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Time for Greater Transparency in Arkansas Counties: Let the Sun Shine In

By Mavuto Kalulu

Transparency is one of the most powerful weapons against government corruption, but counties don’t make it easy for Arkansans to access their public financial information. Only 8 out of Arkansas’s 75 counties have their 2017 budget online.

Corruption is a significant problem in Arkansas. Legislative audits detected nearly $40 million in public resource abuse between 2010 and 2017. In one of the largest cases, a Benton County senior accounting specialist stole over $1 million.

How many more cases of abuse could Arkansans detect if every county published their budget online?

As part of the research for ACRE’s new policy brief, Let the Sun Shine In: Improving Access to Arkansas Counties’ Financial Information, we wanted to find out what an average Arkansan would experience when attempting to collect county financial information. So we requested budget information from all 75 counties for the years 2012–2017.

  • Eight counties did not send us their information at all, despite multiple requests.
  • Most counties sent their information to us in 12 days or less, but six counties gave it to us only after 100 days or more.
  • Most counties did not charge us anything, but five counties charged us over $100.

Newspaper and Internet Publication of County Financial Information

Under Arkansas law, county clerks have to publish their county’s annual financial report in a newspaper each year. But for an Arkansan to get information through this method, they have to to find out what paper the information was published in, find out what date it was published, and then buy the paper or access it through a library.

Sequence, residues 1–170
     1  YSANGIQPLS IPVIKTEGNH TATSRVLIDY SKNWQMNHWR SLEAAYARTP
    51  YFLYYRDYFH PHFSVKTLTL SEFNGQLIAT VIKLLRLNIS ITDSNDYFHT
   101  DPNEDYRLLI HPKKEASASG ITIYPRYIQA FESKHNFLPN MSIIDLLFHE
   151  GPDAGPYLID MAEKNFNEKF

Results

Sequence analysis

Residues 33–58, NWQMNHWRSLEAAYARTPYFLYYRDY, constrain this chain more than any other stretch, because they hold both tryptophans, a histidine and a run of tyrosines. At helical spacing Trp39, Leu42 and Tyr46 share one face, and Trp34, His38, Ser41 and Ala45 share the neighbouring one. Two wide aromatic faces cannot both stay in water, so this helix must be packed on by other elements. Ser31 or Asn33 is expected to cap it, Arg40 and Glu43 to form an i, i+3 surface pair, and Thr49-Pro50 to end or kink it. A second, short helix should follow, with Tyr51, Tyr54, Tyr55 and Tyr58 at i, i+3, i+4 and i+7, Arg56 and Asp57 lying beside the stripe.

This policy brief suggests a straightforward solution: publish budget information online as well.

Even though few counties currently publish their budget information online, 40 counties already have their own websites, and the other 35 could use the platform, which they could use to release their information. The Association of Arkansas Counties could also be utilized as an option to publish information. In fact, online disclosure could even save counties money in the long run by reducing the number of requests that have to be fulfilled by employees.

To learn more about the current state of government transparency in Arkansas, and about the public costs and benefits that would result if more counties started publishing their financial information on the internet, download the policy brief here.

The more information Arkansans have, the more empowered they are to hold their elected officials accountable.


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